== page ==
• Muscles of the Face and Mouth

  • Lips are the most mobile part of the face due to the many facial muscles that act on them.

  • Many of the muscles insert directly into the skin.

  • The muscles of the lips and face are so intrinsically related, they exhibit functional unity.

  • Teeth

  • Both biological and nonbiological functions

    • Biological: precursors of the digestive process

    • Nonbiological: add to structure of face, normal speech production.

  • Humans have two sets of teeth during life:

    • Deciduous: developed in utero, appear in infancy and early childhood, smaller and whiter than permanent teeth.

    • Permanent: appear at early age and last through out life unless disease intervenes

  • Occlusion

  • The relationship of the upper and lower jaw.

  • Class I Occlusion

    • Normal profile

    • Cusps of the first mandibular molar are ½ tooth length ahead of the maxillary molar.



  • The Tongue

  • Has function in taste, mastication, and deglutition.

  • The most important and active of the articulators.

  • Modifies the shape of the oral cavity.

  • Can be divided into:

    • Tip: nearest front teeth

    • Blade: below the alveolar ridge

    • Front: below the hard palate

    • Back: beneath the soft palate

    • The Mandible

  • Main function is mastication but is used to modify the vocal tract in speech.

  • The jaws never fully close during speech.

  • Primary movements of the jaws are elevation and depression.

  • It may also be protruded and retracted.

  • The Palate

  • Roof of the mouth, separating the oral and nasal cavities.

  • Modifies the degree of coupling between the nasopharynx and the remainder of the vocal tract.

  • Consists of a bony plate in front and a muscular valve behind. It is usually described as having 3 parts:

    • Alveolar arch

    • Hard palate

    • Soft palate

  • The Hard Palate

  • The relatively hard, bony anterior portion of the palate

  • It forms a partition between the nasal passages and the mouth.

  • This partition is continued deeper into the mouth by a fleshy extension called the soft palate.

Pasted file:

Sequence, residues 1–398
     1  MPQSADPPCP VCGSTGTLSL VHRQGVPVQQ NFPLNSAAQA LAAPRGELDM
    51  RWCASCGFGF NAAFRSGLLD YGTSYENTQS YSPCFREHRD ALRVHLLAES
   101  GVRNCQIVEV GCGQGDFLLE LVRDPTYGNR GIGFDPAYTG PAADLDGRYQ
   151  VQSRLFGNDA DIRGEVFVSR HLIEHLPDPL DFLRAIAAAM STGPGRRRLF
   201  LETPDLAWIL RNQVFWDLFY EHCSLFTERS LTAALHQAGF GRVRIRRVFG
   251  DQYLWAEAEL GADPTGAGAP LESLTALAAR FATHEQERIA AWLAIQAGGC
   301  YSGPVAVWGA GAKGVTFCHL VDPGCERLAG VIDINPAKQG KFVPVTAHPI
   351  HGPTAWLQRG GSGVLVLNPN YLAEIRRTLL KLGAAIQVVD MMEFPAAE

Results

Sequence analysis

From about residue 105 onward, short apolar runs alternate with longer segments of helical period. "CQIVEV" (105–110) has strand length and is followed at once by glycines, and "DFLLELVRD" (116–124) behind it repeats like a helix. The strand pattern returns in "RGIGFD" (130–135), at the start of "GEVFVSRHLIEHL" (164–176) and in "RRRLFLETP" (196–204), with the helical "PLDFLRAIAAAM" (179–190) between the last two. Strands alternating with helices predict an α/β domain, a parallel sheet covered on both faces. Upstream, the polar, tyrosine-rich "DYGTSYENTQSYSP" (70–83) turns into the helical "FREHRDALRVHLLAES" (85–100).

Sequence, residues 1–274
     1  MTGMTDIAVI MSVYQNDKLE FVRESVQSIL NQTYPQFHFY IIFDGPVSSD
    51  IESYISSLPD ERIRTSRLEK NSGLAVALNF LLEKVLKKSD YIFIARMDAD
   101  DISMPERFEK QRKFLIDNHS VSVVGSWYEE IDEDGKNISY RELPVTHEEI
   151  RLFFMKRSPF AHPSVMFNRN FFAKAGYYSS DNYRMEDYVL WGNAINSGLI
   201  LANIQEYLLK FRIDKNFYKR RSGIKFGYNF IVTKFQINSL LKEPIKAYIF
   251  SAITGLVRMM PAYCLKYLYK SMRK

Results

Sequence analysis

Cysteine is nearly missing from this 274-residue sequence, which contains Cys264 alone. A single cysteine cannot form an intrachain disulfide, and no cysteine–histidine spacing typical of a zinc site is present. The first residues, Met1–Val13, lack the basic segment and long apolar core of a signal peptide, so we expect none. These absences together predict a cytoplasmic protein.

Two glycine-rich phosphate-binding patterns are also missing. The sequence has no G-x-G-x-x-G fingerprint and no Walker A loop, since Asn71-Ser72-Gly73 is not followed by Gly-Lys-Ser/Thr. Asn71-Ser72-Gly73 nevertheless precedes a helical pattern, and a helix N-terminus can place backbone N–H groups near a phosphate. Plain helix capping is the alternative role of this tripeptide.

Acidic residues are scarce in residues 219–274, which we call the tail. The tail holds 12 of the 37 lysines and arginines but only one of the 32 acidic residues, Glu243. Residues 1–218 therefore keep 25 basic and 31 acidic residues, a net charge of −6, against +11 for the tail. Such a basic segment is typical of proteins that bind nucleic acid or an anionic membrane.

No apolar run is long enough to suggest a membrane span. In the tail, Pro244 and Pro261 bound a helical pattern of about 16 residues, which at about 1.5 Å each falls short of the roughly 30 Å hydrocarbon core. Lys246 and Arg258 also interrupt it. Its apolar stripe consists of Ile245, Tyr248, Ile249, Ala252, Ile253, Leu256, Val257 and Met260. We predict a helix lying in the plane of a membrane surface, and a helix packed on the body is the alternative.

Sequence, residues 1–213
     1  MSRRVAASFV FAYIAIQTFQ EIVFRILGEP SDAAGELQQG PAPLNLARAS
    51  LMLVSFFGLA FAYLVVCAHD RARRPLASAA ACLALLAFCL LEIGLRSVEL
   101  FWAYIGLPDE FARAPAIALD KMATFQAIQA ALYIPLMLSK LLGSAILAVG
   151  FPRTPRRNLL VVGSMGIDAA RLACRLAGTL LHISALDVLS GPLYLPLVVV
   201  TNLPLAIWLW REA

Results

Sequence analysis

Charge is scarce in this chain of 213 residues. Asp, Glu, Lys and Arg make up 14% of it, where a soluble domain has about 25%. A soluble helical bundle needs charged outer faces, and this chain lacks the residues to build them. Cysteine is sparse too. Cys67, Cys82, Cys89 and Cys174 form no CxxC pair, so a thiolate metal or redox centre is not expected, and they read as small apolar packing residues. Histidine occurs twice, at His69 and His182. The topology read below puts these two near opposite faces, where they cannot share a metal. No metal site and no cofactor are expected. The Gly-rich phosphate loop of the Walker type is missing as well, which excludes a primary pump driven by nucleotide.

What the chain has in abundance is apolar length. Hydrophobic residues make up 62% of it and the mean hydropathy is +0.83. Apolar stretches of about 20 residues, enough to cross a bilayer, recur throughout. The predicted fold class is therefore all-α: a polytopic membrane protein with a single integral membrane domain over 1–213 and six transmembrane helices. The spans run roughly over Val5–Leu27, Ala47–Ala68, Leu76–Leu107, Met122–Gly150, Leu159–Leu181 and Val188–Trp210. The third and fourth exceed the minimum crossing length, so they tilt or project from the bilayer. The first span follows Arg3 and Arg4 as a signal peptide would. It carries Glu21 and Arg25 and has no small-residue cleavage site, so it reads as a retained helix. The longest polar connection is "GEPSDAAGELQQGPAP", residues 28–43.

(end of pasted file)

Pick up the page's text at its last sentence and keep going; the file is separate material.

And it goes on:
• Function

  • The interaction between the tongue and the hard palate is essential in the formation of certain speech sounds, example /t/, /d/.

  • The Hard Palate

  • Formed by the medial projections of the palatine processes of the maxilla.

  • Posterior ¼ is formed by the palatine bones.

  • Covered by a mucous membrane which is highly developed at the alveolar arch to form wrinkles called rugae.

  • Palatal arch-height of the hard palate, variable across individuals. Has direct bearing on the acoustic properties of the oral cavity and may contribute to voice characteristics.

  • The Soft Palate

  • The soft palate (or velum) is the soft tissue constituting the back of the roof of the mouth.

  • The soft palate is movable, consisting of muscle fibers sheathed in mucous membrane.

  • The soft palate is distinguished from the hard palate at the front of the mouth in that it does not contain bone.

  • The Soft Palate

  • Function:

  • It is responsible for closing off the nasal passages during the act of swallowing, and also for closing off the airway.

  • During sneezing, it protects the nasal passage by diverting a portion of the excreted substance to the mouth.

  • The Soft Palate (Velum)

  • The soft palate also retracts and elevates during speech to separate the oral cavity (mouth) from the nasal cavity in order to produce the oral speech sounds. If this separation is incomplete, air escapes through the nose, causing speech to be perceived as overly nasal.

  • The uvula, hanging from the end of the soft palate, is responsible for the sound of snoring. Touching the uvula or the end of the soft palate evokes a strong gag reflex in most people.



  • Cleft



  • In the birth defect called cleft palate, the left and right portions of this plate are not joined, forming a gap between the mouth and nasal passage (a related defect affecting the face is cleft lip).

  • Cleft palate has a severe impact upon the ability to nurse and speak but is now cured through reconstructive surgical procedures at an early age.